Microflake and microfiber-forming microfibrillatable materials and films also may contain spherulites and microvoids to facilitate fibrillation. See, e.g., U.S. Pat. No. 6,110,588.

Any suitable combination of polymer film composition and processing steps and conditions may be used to impart sufficient orientation and microscopic structure, e.g., crystallinity, voids or microvoids, spherulites, multiple layers, microlayers, etc., to produce a microfibrillatable material such as a film or layer of a multi-layer film that can be microfibrillated to form microflakes or microfibers. These conditions may include combinations of casting, quenching, annealing, calendering, orienting, solid-state drawing, roll-trusion, and the like.

Some specific examples of melt-processable materials that can be used to prepare a microfibrillatable material layer are discussed in U.S. Pat. No. 6,110,588. Exemplary semicrystalline polymers include high and low density polyethylene, polyoxymethylene, polypropylene, poly(vinylidine fluoride), poly(methyl pentene), poly(ethylene-chlorotrifluoroethylene), poly(vinyl fluoride), poly(ethylene terephthalate), poly(butylene terephthalate), nylon 6, nylon 66, polybutene, and thermotropic liquid crystal polymers, blends of any one or more of these polymers with another of these or another polymer or a copolymer made from any of the listed monomers and any other listed monomer or a different monomer. Important examples of useful polymers include polyolefins such as polypropylene and polyethylene which are readily available at low cost and can provide highly desirable properties in microfibrillated articles such as high modulus and high tensile strength.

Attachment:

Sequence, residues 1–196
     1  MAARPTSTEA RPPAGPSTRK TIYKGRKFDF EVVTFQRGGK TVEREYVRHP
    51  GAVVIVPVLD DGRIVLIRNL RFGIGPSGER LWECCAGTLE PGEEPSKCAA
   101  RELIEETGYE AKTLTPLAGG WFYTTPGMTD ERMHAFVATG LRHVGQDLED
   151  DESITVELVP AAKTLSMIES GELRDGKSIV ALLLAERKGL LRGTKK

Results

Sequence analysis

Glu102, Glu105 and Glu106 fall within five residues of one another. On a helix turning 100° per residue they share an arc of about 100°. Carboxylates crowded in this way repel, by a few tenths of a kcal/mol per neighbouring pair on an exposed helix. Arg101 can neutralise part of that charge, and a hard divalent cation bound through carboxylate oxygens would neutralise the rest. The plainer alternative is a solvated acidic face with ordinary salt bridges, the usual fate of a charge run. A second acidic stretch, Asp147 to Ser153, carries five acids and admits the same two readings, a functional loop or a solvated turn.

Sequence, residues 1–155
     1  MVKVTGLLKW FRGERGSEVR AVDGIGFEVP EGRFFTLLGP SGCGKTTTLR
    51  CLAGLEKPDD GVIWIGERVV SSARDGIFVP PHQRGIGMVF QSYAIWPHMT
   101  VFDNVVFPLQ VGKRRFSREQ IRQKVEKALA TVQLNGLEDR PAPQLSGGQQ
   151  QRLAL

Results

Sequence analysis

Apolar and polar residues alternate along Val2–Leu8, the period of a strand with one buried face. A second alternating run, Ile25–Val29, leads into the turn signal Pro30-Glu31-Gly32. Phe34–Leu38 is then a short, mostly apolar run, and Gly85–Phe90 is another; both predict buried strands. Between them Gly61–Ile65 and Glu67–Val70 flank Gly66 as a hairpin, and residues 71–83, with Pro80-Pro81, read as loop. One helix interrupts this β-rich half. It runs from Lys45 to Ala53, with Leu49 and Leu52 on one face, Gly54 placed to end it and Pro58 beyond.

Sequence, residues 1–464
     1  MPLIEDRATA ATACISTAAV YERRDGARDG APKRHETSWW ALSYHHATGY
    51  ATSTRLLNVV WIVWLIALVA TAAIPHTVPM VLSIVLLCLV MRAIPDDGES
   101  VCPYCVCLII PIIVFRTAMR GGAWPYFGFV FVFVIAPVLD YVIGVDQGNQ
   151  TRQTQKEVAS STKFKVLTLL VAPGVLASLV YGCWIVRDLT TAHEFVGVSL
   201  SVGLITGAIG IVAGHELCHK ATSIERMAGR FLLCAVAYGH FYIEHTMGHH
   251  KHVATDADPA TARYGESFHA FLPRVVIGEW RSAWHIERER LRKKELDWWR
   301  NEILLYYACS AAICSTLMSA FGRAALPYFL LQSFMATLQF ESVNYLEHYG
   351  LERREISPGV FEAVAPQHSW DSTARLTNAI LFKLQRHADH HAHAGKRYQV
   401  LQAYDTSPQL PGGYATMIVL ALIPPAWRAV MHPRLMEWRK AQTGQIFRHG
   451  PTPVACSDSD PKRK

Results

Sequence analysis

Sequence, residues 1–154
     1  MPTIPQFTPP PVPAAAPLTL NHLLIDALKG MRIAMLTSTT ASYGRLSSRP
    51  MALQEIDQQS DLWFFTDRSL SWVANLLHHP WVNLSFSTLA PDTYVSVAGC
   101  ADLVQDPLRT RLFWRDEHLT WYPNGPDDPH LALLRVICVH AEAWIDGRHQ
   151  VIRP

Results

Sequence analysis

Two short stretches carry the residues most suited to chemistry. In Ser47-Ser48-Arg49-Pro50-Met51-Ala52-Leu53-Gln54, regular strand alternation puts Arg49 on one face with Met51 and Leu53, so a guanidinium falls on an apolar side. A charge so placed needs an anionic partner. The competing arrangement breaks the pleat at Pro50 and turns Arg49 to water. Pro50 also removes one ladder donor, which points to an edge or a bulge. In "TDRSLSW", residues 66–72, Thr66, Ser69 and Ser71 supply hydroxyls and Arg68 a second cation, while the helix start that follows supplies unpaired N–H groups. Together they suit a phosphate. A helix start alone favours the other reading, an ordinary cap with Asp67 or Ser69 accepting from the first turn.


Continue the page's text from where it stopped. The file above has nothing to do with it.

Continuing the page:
The molecular weight of the polymer can be chosen so that the polymer is melt-processable (i.e., extrudable or co-extrudable) under the processing conditions used in extrusion and co-extrusion, and in combination with a useful amount of the hydrophilic component. For polypropylene and polyethylene, for example, the molecular weight may be from about 5,000 to 499,000 and is preferably from about 100,000 to 300,000.

Still referring to the '588 patent, it describes that any suitable combination of processing conditions may be used to impart crystallinity and orientation to a melt-processed film. Starting with a melt-processed, cast film, for example, the film may be calendered, stretched, oriented, cast, quenched, annealed, drawn, roll-truded, etc. Such processing generally serves to increase the degree of crystallinity of the polymer film as well as the size and number of spherulites.

The '588 patent describes additional details and recites examples of preferred embodiments of materials and techniques, and optional processing steps, that may be used to prepare useful microfibrillatable materials. That description along with the present disclosure and knowledge available to a skilled artisan will enable the preparation of films and articles described herein.